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Festive Wisdom - one to read in December

This blog post is actually a copy of an email that I wrote to all my newsletter subscribers at the beginning of December 2021. I recently re-read the email and thought the words I had written deserved to be preserved somewhere online forever, as they contain a message that I know I will need to read and re-read again in the future. I hope that you might take something valuable from them as well.

I hope this email finds you well and rested. I am writing this whilst wrapped up under a duvet with the Christmas tree lights twinkling away to my left and a steaming mug of hot tea to my right. Those of you who were meant to practice with me in the past few weeks will know that I have unfortunately been struggling with poor health recently and classes haven't been able to run this week. I often find the winter season is a bit harder for my body (I am a lizard, living too far north!) and my own personal tendency to over-fill my schedule, say yes when I should be saying no and generally not give myself permission to rest for long enough to get fully well again can often prolong illness at this time of year.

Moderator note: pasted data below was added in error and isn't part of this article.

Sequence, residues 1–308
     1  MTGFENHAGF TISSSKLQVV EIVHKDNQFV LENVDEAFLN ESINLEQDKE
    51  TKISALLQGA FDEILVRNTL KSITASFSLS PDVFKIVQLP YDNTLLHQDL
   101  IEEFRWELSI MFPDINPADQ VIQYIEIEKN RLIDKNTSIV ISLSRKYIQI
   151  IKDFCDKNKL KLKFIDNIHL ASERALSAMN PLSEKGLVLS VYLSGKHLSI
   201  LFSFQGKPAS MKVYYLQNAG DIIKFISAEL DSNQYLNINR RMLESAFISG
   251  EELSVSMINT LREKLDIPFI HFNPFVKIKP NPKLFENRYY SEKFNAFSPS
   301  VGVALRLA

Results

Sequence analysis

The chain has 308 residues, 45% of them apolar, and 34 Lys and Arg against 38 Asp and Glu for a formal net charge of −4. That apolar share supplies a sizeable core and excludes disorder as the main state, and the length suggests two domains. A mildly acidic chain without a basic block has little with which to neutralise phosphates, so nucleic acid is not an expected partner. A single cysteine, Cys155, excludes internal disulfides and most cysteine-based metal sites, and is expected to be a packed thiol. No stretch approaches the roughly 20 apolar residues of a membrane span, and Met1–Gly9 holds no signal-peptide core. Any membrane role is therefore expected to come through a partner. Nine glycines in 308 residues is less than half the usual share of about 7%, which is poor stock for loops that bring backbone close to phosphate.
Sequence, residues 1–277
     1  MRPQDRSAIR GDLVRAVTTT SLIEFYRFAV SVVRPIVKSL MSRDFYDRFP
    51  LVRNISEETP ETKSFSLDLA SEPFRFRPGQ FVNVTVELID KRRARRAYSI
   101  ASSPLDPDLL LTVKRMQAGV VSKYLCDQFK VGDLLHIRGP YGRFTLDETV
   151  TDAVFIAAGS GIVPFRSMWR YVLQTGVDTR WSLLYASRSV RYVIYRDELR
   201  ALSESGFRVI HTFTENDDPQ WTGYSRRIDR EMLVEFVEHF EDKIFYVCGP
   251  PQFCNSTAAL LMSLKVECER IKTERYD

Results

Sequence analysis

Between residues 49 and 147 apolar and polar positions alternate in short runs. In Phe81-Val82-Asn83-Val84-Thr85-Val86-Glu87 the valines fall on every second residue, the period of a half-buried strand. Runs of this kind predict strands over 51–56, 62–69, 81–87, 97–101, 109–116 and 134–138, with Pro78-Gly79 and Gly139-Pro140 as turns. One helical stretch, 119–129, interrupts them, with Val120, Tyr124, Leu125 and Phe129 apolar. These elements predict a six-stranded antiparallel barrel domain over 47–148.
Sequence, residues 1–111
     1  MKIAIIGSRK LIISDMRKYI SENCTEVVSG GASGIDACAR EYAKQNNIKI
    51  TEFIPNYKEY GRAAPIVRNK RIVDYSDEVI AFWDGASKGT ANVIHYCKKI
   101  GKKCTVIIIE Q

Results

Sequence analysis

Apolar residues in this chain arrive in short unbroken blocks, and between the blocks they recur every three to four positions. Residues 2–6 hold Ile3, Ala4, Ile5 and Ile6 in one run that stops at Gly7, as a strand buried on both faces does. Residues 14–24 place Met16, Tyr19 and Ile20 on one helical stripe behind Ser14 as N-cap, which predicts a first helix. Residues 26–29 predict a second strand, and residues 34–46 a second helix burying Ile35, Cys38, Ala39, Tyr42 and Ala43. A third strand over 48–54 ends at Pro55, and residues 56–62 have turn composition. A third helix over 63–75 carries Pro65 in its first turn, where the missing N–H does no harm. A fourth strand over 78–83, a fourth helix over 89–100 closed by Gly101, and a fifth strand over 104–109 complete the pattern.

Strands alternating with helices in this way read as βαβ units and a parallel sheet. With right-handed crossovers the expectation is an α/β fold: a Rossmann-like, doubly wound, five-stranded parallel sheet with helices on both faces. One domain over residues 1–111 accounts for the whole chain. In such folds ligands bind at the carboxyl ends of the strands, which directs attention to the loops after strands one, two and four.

There is a lesson in everything and I think the lesson in this particular forced period of rest is that I must begin to practice what I preach, be kinder to myself in how I schedule my time and really focus more attention on self-care - both mental and physical. It's also been a wonderful marker for how things have changed in my life over the past 6 months. Having to cancel classes has been extremely sad for me, because I love what I do so much. I haven't ever had this experience before where I am genuinely sorry to be taking time off work, because I don't see it as something I need time away from. It is a revelation to me to feel this way and I am so extremely grateful to each and every one of you whose support, interest and commitment to my classes has enabled me to build myself a career that I can feel this way about. Thank you to each of you for fuelling me with a passion and love for yoga and teaching, which I am now channelling into looking after my body, healing and resting.